Apollo 13

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Apollo 13

Postby lliam » Fri Jun 20, 2003 8:42 am

Yesterday afternoon,
I watched the last 15 mins on the Discovery Channel.
It was the, Apollo 13 rescue, boy, oh boy, did those guys work hard in the control centre. I saw the movie with Tom Hanks and it was pretty much the same take, except of course the one I watched yesterday was the real thing.
Do any of you guys remember this almost disastrous trip to the moon, and the victorious rescue.
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Re: Apollo 13

Postby barfle » Fri Jun 20, 2003 9:01 am

I'm old enough to remember Sputnik, so Apollo 13 was definitely a story I remember well. Maybe I was in denial, but I always felt they would make it back fine. Learning more about just how crippled the spacecraft was made me realize their survival wasn't all that sure until they actually landed.

Although they don't have anything on Apollo 13 right now, I ran across this site that sells DVDs of documentary footage of many US space exploration missions. And I've already dropped a C-note their way. I would doubt that the crew did much filming or taping once the defecation hit the ventilation, so if the site gets a DVD on Apollo 13, it would be mostly the efforts on the ground. Nonetheless, I'm looking forward to my 6 disc Apollo 15 program, and I'm anxiously awaiting the release of their Apollo 11 set.
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Re: Apollo 13

Postby Marye » Fri Jun 20, 2003 9:02 am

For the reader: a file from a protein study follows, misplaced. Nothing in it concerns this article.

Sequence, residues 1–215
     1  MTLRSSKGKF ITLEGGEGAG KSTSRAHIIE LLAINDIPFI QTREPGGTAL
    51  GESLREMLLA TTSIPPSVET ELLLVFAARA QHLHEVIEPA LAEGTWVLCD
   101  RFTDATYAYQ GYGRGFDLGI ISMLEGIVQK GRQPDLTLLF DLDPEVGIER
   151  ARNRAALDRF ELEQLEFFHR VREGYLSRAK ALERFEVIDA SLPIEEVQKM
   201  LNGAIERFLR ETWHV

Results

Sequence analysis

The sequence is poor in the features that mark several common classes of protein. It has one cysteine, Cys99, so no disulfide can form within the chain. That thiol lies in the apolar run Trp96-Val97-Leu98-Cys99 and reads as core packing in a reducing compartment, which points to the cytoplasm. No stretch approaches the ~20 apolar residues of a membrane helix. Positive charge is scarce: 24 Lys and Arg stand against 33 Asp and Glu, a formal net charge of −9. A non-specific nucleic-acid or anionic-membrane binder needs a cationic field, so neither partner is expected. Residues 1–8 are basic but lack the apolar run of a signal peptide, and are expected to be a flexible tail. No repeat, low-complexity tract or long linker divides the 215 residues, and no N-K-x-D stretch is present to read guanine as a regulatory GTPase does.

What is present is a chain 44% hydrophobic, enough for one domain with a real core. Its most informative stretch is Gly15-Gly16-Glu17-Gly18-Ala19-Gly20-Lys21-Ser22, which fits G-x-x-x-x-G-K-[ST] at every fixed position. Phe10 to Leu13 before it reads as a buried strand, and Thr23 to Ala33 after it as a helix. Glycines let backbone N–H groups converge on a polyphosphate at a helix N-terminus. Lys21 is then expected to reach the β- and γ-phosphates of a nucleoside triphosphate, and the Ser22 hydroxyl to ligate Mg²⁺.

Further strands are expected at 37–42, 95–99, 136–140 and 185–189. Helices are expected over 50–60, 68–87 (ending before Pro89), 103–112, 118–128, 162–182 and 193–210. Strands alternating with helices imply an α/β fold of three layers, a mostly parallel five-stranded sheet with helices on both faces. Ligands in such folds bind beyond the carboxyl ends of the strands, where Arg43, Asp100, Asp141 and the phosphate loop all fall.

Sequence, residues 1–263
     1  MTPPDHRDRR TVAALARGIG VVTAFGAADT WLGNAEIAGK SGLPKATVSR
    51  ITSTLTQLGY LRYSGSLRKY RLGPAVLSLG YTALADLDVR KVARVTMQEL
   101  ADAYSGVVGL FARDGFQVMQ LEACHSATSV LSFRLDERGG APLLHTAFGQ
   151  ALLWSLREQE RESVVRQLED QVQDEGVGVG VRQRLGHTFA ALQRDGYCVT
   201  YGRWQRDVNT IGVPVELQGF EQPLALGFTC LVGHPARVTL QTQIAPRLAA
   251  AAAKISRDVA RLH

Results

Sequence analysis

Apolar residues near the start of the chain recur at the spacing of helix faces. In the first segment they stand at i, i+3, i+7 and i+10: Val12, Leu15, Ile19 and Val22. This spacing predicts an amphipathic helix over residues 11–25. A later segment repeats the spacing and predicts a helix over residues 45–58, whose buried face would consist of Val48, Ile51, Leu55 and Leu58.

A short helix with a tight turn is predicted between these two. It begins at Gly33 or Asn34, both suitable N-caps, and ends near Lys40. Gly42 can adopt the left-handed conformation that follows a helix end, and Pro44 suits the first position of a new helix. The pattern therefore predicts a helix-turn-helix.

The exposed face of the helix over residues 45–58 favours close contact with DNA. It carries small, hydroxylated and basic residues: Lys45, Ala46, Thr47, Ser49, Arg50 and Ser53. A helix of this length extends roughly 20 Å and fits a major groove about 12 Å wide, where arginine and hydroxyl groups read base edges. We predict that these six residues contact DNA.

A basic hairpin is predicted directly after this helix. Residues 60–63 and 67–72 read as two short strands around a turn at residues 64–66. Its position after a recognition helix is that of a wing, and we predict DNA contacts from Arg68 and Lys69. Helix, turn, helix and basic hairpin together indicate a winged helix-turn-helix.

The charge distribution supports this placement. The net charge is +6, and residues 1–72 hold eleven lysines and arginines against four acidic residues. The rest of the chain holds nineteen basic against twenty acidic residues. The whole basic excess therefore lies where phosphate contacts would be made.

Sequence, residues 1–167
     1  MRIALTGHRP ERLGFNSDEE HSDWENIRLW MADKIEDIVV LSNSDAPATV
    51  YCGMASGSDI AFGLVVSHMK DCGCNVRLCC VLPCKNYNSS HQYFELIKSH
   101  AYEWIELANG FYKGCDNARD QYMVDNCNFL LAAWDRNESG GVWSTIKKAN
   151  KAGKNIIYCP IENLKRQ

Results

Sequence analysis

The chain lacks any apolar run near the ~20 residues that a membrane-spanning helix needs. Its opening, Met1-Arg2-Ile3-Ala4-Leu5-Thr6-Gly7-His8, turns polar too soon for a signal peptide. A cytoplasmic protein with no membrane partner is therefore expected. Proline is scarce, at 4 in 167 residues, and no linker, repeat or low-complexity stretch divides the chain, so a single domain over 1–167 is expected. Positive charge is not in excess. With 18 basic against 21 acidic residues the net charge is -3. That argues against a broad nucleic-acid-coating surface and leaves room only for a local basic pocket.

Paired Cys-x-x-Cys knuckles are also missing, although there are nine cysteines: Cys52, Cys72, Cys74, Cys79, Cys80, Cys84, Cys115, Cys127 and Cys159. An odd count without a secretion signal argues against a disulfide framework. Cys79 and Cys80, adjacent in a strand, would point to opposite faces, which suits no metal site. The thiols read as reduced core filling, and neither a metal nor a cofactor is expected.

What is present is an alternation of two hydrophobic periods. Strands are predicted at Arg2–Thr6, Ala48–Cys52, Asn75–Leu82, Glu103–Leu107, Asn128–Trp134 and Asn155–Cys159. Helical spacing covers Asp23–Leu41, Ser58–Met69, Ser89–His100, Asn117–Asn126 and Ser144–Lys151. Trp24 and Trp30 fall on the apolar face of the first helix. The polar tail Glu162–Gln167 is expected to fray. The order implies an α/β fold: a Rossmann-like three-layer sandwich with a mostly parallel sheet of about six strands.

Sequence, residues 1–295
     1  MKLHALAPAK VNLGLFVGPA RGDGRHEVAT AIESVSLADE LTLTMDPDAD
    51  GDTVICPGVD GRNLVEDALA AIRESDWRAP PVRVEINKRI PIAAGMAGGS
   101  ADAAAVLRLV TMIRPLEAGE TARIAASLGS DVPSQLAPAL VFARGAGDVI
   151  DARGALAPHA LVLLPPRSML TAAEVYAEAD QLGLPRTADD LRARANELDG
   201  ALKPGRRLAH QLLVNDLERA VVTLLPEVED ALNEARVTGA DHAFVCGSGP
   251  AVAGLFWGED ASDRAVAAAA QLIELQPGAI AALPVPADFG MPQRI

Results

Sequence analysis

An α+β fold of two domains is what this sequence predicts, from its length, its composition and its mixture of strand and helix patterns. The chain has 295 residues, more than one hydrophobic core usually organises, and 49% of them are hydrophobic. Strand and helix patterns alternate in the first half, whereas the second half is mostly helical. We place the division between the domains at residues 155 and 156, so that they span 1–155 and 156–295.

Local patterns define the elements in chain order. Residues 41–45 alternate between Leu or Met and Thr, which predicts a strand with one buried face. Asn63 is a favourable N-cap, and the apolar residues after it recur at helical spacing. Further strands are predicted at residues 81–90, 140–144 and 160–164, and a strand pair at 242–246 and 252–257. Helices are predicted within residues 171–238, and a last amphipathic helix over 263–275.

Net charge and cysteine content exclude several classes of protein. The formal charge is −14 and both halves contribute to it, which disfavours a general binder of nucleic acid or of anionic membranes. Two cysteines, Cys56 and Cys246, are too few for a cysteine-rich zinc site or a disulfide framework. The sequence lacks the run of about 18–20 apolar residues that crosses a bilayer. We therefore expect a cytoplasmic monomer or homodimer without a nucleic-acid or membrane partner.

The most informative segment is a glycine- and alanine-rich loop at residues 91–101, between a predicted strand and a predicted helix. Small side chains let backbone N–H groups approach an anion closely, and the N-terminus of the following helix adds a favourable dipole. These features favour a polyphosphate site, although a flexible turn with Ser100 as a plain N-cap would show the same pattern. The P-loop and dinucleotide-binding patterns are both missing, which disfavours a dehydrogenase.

I do remember this... but not as much as I remember the Apollo mission (and I don't remember which one) from 1967 and the name Grissom. There was a fire on board and the space capsule just exploded on the pad killing all on board. It never left the ground. I felt sick watching this ... I was a young girl then and that image still remains with me :(
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Re: Apollo 13

Postby Jeff Dutton » Fri Jun 20, 2003 9:44 am

That was actually a training run, some time before they were scheduled to launch on the first manned Apollo mission. Astronauts Grissom, White and Chaffee were killed by a fire in the capsule itself. For realism in the training session they were using 100% oxygen, which fed the intensity of the fire. One of the results of the disaster was improvements in the design of the hatch to enable it to be opened more quickly. Unfortunately, I'm not sure if even that would have saved them under the circumstances. I believe they also stopped using 100% during training runs.
The astronauts have been commemorated with the designation "Apollo I".
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Re: Apollo 13

Postby barfle » Fri Jun 20, 2003 10:22 am

There were several issues that added up to three dead heros. Usually in space the capsules were pressurised to something like 8PSI of pure oxygen. To compensate for the fact that they were in the atmosphere, they pressurized the capsule with 8PSI OVER atmospheric pressure, which gave the fire about three times as much oxygen as it would have, even in space.

Apparently, the fire started in a piece of velcro, which can burn but really isn't any concern at normal concentrations of oxygen. Since it has so many little fibers, it has a large surface area to combust. The velcro was used as a way to stick the various tools, pens, clip boards, manuals, etc. to the walls of the capsule.

The training was modified to use either air or low pressure oxygen.